What is Shared Parenting?

The presumption for Joint Physical and Legal Custody in a divorce when neither parent is found unfit.

There is no other initiative, on its whole, that will reduce divorce and conflict in divorce than the Shared Parenting presumtion.

Before there are children, a divorce is the rescinding of a nuptial contract. In contract law, this would be the equivalent of a 30 or 90 day retail return policy with no questions asked. The separate parties can go their separate ways without any lasting damage.

When kids are involved, however, the breaking of the contract takes on a whole different dimension. That is, dimension in the sense of space and time. A father who, prior to separation, spends as much of his non-working, waking hours with his children is seen as both a positive family figure and, by the jealous wife, as a competitor for her attention with the kids.

The father, realizing the wisdom and joy of the family working together to achieve safety, security, comfort, and joy together, represents a balancing force against the woman whose attention is distracted from complete control over the children she has birthed. Not a patriarchy. Not a matriarcy. This is a balanced, productive family capable being aware of and interacting with generations of family.

Should one parent, usually the mother, decide that it is in her best interests to rescind the nuptial contract and take the children with her, today's pro-feminist and misandrist laws permit her to do so without impunity. Not only can she break the contract, she can claim to be the victim of the contractual relationship and demand physical and legal custody as well as child support. The mother can usually marshal the legal representation of pro-divorce lawyer, psychologists, and others to come to her defense, often paid for by the government.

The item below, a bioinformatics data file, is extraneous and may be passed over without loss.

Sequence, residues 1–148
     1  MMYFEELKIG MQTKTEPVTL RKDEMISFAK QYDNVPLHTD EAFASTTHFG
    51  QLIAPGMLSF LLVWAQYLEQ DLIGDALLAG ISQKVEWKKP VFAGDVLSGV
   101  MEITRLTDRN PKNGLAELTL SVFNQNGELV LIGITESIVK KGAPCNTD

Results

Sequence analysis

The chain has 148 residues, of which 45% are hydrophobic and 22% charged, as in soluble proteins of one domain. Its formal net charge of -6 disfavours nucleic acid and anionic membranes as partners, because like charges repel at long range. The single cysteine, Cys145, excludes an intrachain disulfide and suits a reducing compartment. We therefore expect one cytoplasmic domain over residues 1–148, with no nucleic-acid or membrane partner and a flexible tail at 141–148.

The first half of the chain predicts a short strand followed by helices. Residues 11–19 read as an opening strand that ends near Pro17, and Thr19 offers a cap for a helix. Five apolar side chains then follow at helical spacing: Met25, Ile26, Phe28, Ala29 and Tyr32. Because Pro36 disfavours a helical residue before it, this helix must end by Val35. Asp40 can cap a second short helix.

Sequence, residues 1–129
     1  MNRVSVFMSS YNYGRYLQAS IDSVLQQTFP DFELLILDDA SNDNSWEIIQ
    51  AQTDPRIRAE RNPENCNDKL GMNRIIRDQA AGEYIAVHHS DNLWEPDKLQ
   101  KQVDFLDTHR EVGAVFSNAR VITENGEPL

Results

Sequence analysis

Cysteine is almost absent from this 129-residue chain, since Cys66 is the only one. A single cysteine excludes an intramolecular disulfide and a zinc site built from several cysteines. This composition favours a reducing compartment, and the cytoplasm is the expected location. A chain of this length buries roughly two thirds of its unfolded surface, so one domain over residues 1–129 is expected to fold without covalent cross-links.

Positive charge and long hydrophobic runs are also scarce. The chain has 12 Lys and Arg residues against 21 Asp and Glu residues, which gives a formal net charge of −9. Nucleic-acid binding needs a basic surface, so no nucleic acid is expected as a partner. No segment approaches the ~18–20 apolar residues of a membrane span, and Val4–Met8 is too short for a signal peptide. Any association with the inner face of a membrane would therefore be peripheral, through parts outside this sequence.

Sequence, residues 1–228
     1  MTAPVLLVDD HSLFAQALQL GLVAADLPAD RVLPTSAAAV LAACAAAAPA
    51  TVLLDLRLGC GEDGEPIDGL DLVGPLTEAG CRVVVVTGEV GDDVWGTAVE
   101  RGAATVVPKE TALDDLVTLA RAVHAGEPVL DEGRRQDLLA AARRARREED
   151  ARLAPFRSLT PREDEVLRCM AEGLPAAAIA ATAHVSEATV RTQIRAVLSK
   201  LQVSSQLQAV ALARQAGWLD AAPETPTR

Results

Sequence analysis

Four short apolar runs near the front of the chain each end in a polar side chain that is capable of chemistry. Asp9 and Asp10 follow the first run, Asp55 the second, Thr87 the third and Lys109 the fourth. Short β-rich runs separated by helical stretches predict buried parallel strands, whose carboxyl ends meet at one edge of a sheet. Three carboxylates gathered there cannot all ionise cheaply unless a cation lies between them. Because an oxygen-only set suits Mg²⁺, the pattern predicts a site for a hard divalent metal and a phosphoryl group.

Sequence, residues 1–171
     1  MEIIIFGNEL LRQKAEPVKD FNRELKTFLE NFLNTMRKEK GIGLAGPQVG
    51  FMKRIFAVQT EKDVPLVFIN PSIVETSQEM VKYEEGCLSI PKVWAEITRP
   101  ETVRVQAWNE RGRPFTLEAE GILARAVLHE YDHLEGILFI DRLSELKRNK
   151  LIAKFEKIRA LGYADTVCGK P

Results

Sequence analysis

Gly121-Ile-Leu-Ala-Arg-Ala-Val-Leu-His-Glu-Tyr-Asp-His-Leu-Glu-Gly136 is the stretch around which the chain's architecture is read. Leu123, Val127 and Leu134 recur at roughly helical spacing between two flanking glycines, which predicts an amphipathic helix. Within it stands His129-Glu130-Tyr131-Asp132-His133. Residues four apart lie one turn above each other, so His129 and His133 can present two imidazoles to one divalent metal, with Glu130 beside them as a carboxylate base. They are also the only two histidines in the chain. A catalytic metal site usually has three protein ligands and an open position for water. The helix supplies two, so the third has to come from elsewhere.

Fathers, by nature, are offended by the economic and emotional injustice of having their children taken away by force and having to pay for child support, by shame, and having their visitation constantly disrupted by the custodial parent who exercises her right of total control to deny visitation.

Parents are not visitors. Fathers and mothers belong, equally, in a child's life. To deny that is emotional abuse.

The Shared Parenting initiative presumes that divorces are not founded in selfish motives to use the children for economic and financial gain; thereby removing 9/10ths of the old Ann Landers question, "Are you better off without him?".

Instead, the question of divorce is focused primarily on the reason for the nuptial contract; the bearing of and maturing of children. By removing the financial and emotional incentives to divorce, we protect the children whom we have borne into this world.